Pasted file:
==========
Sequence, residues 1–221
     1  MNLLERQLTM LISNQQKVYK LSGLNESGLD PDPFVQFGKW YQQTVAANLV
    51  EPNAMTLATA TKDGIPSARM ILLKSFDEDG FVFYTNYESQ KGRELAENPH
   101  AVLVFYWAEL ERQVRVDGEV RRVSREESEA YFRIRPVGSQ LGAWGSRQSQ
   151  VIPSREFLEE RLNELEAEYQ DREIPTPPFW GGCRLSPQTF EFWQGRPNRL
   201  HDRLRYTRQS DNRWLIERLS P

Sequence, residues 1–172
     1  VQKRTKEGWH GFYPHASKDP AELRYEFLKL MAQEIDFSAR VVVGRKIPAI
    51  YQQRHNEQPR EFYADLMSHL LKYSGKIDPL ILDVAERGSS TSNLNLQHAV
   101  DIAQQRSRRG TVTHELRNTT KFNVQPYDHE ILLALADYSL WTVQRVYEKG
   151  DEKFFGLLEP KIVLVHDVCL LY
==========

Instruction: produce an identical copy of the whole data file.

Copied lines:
Sequence, residues 1–221
     1  MNLLERQLTM LISNQQKVYK LSGLNESGLD PDPFVQFGKW YQQTVAANLV
    51  EPNAMTLATA TKDGIPSARM ILLKSFDEDG FVFYTNYESQ KGRELAENPH
   101  AVLVFYWAEL ERQVRVDGEV RRVSREESEA YFRIRPVGSQ LGAWGSRQSQ
   151  VIPSREFLEE RLNELEAEYQ DREIPTPPFW GGCRLSPQTF EFWQGRPNRL
   201  HDRLRYTRQS DNRWLIERLS P

Sequence, residues 1–172
     1  VQKRTKEGWH GFYPHASKDP AELRYEFLKL MAQEIDFSAR VVVGRKIPAI
    51  YQQRHNEQPR EFYADLMSHL LKYSGKIDPL ILDVAERGSS TSNLNLQHAV
   101  DIAQQRSRRG TVTHELRNTT KFNVQPYDHE ILLALADYSL WTVQRVYEKG
   151  DEKFFGLLEP KIVLVHDVCL LY